Joe, a 28-year-old hailing from Longview, started using painkillers at a young age, which quickly turned to using heroin and nearly landed him on the streets. To avoid homelessness, a former counselor recommended he seek out the services of the mission, and the rest is history. He hopes to use the Climbing Out of Homelessness program to build a strong network of sober support, build a relationship with God, and mend his relationship with his family. “Through the climb team I’m able to meet many people in recovery, have spiritual experiences in nature, and instill discipline,” he says.
48-year-old Seattle native Edward hopes to use the recovery program to make significant changes in his life, ranging from strengthening his relationship with God to finding and securing housing and a job. His experience with the climb team is helping him learn teamwork and discipline. “The training is great experience,” he says.
Christian hails from Auburn, Washington, and is using the recovery program to dig at the roots of his addiction in hopes of creating lasting change. His goals include getting his depression under control, digging into how his thinking processes influenced his life circumstances, and learning more about religion and how it has and will impact his life. He looks forward to working with, learning from, and gaining inspiration from his teammates. Of the climb program itself, he says, “It is a healthy hobby that is fun and inspiring to go along with some of the more heavy psychological things I am working on. [It] gives me a feeling of accomplishment as I work on personal goals.” The intentionality with which Christian pursues his recovery are sure to serve him and his teammates well along the way.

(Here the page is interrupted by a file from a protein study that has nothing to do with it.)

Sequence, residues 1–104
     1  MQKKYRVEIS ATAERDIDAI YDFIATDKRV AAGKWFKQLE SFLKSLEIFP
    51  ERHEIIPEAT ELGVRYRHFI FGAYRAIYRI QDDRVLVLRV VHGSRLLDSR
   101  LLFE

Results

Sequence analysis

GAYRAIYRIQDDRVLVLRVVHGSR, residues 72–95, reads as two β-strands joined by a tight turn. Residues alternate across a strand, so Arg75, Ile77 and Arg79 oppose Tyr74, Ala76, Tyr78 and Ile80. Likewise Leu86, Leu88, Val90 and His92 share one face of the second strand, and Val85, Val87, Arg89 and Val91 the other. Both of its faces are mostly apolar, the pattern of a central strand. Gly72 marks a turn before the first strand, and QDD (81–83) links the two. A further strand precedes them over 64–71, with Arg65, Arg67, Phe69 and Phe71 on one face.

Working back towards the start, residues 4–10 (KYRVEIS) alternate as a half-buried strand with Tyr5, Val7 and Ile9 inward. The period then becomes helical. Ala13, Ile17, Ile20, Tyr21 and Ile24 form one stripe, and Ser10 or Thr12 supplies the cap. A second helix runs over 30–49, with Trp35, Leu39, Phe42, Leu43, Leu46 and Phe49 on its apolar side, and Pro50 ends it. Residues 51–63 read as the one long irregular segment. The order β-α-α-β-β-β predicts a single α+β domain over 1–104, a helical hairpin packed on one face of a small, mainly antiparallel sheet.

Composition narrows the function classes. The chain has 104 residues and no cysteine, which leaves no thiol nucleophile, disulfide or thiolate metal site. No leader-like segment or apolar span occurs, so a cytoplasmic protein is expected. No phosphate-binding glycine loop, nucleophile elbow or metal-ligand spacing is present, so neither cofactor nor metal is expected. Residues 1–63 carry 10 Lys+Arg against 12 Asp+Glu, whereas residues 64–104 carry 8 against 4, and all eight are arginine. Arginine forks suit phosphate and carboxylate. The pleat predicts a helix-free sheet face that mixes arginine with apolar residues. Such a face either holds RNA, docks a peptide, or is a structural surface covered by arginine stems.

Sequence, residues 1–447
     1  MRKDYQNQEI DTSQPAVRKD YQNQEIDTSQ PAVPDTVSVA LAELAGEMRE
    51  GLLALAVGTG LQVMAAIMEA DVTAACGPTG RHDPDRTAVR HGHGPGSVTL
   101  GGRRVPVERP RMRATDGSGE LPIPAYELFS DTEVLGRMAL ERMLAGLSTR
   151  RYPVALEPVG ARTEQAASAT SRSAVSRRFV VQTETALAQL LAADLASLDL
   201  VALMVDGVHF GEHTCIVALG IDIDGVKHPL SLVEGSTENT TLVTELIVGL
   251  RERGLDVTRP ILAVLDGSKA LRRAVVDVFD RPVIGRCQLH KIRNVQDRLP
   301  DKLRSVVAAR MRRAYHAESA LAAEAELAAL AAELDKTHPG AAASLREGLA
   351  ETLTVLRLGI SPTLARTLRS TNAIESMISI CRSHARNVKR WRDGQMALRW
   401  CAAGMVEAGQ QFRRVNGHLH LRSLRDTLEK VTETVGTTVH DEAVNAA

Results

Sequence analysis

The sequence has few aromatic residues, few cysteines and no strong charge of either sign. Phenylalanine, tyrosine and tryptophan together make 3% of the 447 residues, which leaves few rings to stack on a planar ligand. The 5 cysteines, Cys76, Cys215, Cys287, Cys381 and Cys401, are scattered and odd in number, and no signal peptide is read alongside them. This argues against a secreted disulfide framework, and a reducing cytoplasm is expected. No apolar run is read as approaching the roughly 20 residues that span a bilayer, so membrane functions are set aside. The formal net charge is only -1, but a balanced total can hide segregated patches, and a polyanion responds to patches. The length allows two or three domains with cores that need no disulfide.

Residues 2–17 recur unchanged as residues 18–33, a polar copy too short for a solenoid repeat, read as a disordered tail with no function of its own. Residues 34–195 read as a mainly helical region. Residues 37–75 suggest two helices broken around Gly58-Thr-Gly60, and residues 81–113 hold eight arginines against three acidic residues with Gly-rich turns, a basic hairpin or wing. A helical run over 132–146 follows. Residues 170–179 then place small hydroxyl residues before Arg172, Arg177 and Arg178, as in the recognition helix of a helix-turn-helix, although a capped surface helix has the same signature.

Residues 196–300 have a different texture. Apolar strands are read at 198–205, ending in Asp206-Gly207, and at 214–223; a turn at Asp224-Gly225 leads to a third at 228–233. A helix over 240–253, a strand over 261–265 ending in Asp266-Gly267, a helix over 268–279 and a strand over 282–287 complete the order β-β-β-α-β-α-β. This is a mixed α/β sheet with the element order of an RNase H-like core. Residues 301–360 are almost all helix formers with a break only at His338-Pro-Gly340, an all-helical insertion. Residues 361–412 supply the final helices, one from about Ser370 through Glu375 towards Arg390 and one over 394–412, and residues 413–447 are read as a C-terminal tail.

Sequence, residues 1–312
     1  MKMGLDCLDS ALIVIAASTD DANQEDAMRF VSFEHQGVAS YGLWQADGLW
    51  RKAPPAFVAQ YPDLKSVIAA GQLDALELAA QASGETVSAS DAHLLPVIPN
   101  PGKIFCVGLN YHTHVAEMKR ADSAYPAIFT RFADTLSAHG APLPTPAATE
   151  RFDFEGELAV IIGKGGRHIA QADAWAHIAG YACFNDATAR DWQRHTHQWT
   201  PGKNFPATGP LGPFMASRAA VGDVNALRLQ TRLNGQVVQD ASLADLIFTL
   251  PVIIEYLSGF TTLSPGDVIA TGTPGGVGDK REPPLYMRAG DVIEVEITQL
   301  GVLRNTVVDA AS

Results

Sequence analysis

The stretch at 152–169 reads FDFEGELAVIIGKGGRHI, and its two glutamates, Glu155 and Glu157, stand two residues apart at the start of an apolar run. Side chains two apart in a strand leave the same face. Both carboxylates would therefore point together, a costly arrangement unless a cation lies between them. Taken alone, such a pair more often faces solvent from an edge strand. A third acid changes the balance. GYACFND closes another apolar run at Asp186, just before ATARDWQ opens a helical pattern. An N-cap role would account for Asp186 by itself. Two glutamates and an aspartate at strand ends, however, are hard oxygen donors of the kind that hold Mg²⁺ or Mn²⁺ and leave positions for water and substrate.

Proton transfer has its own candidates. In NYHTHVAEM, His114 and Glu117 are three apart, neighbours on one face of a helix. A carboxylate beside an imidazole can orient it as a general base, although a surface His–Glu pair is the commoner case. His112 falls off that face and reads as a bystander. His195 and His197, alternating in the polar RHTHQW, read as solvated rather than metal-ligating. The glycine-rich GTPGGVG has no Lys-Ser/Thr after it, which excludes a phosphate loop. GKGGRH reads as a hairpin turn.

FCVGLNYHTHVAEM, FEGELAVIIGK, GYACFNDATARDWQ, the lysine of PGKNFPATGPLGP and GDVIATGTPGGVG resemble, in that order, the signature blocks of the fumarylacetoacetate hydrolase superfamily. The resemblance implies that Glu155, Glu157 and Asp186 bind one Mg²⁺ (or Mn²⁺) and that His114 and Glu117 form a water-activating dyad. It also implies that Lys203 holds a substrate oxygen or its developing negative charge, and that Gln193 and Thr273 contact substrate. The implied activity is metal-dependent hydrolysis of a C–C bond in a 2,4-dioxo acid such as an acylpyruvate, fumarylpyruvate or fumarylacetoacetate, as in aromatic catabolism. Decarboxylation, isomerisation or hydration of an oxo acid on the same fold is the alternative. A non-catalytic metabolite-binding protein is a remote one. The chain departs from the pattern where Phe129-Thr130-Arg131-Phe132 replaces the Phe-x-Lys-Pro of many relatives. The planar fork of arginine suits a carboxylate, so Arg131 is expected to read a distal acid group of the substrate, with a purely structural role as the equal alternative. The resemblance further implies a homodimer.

Tom, a 27-year-old from Bothell, found his way to the “Climbing Out of Homelessness” program offered by Recovery Beyond Paradigm after a scary wake-up call. “I relapsed and ended up in the ER with alcohol poisoning,” he said. He hopes that with the help and support of the CADRE program he will be able to maintain sobriety through the course of the program and beyond. Tom is looking forward to the climb, saying, “It gives me a fun goal to work towards, and a once in a lifetime experience.”